The road to nowhere? Prospects for a post-Brexit trade deal

18 September 2018
Fabian Zuleeg (Chief Executive and Chief Economist)

In this Policy Brief, Fabian Zuleeg assesses the prospects for a post-Brexit trade deal between the UK and the EU. He argues that:

1. The upcoming negotiations of a “deep and comprehensive partnership” will be even harder than the discussions leading to the Withdrawal Agreement for at least three reasons:

  • First, the EU negotiators will have a strong mandate to deliver on the specific objectives of each member state, which will amount to a long wish list containing many politically tricky issues for the UK.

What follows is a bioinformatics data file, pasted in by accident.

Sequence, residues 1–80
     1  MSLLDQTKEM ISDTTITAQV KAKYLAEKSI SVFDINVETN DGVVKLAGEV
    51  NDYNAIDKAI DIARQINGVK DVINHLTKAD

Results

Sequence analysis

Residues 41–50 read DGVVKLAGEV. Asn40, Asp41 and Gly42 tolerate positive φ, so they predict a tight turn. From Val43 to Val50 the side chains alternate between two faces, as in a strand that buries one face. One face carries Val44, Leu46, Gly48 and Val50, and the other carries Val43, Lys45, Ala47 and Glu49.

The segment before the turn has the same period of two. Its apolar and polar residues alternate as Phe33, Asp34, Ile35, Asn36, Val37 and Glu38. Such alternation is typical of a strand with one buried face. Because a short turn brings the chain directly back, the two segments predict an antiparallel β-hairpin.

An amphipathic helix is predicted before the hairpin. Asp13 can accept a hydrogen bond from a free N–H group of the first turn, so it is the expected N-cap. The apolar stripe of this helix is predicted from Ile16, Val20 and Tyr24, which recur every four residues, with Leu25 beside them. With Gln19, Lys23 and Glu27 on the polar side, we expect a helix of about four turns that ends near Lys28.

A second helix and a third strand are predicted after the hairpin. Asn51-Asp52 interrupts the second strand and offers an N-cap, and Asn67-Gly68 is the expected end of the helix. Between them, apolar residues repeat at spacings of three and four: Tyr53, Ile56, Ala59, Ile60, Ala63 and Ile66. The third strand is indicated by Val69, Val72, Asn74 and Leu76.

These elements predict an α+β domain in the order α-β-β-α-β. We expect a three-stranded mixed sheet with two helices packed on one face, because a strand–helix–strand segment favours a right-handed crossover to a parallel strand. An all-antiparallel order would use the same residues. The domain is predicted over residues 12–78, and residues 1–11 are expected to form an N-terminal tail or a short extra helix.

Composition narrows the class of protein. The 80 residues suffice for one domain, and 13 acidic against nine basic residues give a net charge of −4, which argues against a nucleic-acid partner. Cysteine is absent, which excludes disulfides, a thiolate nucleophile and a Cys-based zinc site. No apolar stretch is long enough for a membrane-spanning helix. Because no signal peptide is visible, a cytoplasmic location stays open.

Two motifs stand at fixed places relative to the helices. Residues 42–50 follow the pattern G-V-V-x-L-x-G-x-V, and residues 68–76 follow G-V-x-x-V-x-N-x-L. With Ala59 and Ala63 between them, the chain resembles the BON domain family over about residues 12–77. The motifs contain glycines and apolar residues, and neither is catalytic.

• Second, the scope of the negotiations will be much broader given the breadth and depth of the existing relationship.
  • Third, the future EU-UK relationship will have repercussions on their respective trading with third parties.

2. There will be no gains from trade to be made compared to the current status quo. Leaving the Single Market will entail costs across all sectors. Negotiations will inevitably have to focus on an inferior trade deal. There will be no gains from further opening of markets but costs of disintegrating the existing relationship.

3. The transition period may lead to an alternative, however. After Brexit will have been delivered, there could be a general inclination to maintain the status quo and put an end to upending of the UK’s economy. A cross-party alliance supported by business and trade unions could argue that a soft landing in the form of a Norway+ agreement is the best possible option to minimise economic costs.

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